Toronto Star Op-Ed: The 7 steps Toronto needs to take to create affordable housing

Posted October 31, 2019

As you read this, City of Toronto staff are busily drafting the new housing plan for Toronto. It’s a critical issue for our city. But many in the housing sector are worried, and with good reason. The last housing plan was, by pretty much universal agreement, a failure.
The last housing plan started well. It clearly named the depth of the problem, and the urgent need for action. It called on the city to “be bold, be innovative, and above all else, be a leader” and to build 1,000 new affordable homes each year.
Needless to say, it didn’t meet any of those marks.
The only year the city achieved its housing target was when other levels of government showed the leadership and funded the new homes for us. In some years we actually lost more affordable housing than was built. After 10 years, the city hit only 40 per cent of its goal, the housing waiting list grew by 34 per cent, and now 47 per cent of renters can’t afford their current housing.
City Council needs to do better this time.
And it can.
That’s why more than 30 housing providers, advocates, and service organizations have written to council endorsing seven clear targets the city has to meet to make sure this housing plan actually works.
City Hall can reassure Torontonians that the new housing plan is a real strategy for change when it writes a plan that hits the following, widely endorsed, benchmarks:
  • Recognize housing is a right. The city is off to a good start, having directed staff to use a “rights-based approach” in designing the new housing plan. Now we just need to adopt and implement this approach.
  • Invest city resources in building new affordable housing. The failure of the last plan was, more than anything else, a failure to invest in its success. That’s why investing city resources in housing was among the most frequent requests in the recent housing plan consultations. A city that can spend an extra billion dollars to put the Gardiner up on stilts has the capacity to use its land and resources to build more affordable homes.
  • Use resources efficiently. Right now, most of the affordable housing created by the city comes through subsidies to private developers and landlords to provide short-term rental housing. This approach is quick and easy, but it’s very expensive. Each year, we’re paying the private sector twice what it would cost to get a comparable unit of permanently affordable housing from the non-profit sector. Let’s invest where we get the largest amount of the deeply affordable housing for the longest time.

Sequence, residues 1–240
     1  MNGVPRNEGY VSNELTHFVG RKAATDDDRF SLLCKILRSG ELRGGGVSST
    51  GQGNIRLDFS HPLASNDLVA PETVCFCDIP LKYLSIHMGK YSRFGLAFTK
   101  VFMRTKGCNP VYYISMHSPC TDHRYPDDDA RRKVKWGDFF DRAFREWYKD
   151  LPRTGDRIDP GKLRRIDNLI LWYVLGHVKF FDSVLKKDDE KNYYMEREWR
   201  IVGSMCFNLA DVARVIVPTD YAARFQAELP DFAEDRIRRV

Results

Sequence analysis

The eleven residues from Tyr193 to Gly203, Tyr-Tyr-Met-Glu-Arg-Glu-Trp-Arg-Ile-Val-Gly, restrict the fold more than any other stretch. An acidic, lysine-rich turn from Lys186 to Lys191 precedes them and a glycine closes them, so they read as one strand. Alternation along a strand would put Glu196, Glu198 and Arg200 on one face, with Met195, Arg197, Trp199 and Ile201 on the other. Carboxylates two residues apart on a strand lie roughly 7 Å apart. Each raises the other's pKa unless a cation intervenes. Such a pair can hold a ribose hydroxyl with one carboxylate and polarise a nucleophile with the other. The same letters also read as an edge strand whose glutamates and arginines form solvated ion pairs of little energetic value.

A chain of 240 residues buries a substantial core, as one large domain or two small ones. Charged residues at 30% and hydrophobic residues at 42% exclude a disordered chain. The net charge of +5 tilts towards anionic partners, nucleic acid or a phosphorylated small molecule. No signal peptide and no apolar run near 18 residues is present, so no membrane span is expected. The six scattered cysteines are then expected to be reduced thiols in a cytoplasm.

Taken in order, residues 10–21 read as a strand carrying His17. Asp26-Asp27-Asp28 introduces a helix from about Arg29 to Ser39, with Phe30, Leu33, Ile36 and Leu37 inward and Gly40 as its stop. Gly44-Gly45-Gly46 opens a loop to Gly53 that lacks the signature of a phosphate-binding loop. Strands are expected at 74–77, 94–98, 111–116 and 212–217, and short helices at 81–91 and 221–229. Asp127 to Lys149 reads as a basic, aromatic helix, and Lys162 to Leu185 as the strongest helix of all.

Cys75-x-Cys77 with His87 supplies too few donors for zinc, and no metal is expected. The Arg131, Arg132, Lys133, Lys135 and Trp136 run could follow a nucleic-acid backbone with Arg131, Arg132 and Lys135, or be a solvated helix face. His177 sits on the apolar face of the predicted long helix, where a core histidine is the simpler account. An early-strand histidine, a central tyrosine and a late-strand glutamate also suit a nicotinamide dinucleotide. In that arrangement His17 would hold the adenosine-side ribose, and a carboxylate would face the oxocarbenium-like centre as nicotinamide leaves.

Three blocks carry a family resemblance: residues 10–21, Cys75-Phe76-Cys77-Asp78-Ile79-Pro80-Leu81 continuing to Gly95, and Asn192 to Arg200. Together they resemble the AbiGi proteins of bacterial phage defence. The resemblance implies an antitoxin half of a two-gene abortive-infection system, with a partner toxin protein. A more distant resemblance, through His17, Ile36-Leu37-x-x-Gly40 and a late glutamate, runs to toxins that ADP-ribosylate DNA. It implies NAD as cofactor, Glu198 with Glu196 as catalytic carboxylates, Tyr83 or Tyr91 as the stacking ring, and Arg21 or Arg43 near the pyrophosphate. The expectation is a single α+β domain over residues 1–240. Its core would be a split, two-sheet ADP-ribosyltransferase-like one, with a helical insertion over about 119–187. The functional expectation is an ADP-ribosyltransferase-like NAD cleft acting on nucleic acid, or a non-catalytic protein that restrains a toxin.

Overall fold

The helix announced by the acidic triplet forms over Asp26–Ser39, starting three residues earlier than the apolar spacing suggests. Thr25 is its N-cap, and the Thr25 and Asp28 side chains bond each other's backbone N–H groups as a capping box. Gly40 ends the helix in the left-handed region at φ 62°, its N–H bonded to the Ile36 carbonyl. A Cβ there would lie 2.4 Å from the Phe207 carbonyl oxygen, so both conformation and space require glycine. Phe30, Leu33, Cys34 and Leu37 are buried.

• Use the city’s regulatory and planning powers to make more housing affordable. Cities like Vancouver and San Francisco use tools like vacancy taxes and antispeculation bylaws to keep housing more affordable. We can too. We can also leverage the housing boom better. Toronto tends to get about 10 per cent of revenue created when it permits a new 40-storey highrise, far less than the 70 per cent Vancouver gets. Let’s stop selling Toronto short.
  • Keep the housing we have. The cheapest unit of housing is one you don’t have to build. But we have lost hundreds of public housing units by underfunding maintenance, and lost thousands of units in rooming houses and affordable apartments to conversions and renovictions. Smart strategies are being pioneered by cities like Montreal and non-profits in Parkdale that can reduce these losses. Let’s use them.
  • Tackle homelessness. The deepest crisis in our city is chronic homelessness. The death toll from it rivals Toronto’s murder rate, and still homelessness grows every year. Housing homeless people needs to be central to the plan.
  • Ensure council is accountable for actually delivering. It’s not hard. Report progress every year and present options for making up ground where we have fallen short.
It’s time for the city to genuinely take on our housing crisis, with a plan that can actually deliver, using the strategies, resources, and tools we have at our disposal.
Over 30 leaders in the housing sector all agree. If the city is serious about addressing the housing crisis, it needs to take these seven steps. In just a few weeks, we will see if council is ready to take them.
By Alejandra Ruiz-Vargas, Sean Meagher, and Brian Davis for the Toronto Star



Sign up for ACORN's newsletter